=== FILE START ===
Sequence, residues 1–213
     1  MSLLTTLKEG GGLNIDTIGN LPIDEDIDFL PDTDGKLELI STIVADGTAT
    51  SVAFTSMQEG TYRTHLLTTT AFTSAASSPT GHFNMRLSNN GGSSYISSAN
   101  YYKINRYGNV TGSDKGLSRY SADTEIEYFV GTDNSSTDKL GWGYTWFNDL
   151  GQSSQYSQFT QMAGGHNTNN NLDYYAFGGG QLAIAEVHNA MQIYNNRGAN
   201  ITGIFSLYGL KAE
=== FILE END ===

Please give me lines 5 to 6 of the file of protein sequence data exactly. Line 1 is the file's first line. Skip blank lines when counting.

   151  GQSSQYSQFT QMAGGHNTNN NLDYYAFGGG QLAIAEVHNA MQIYNNRGAN
   201  ITGIFSLYGL KAE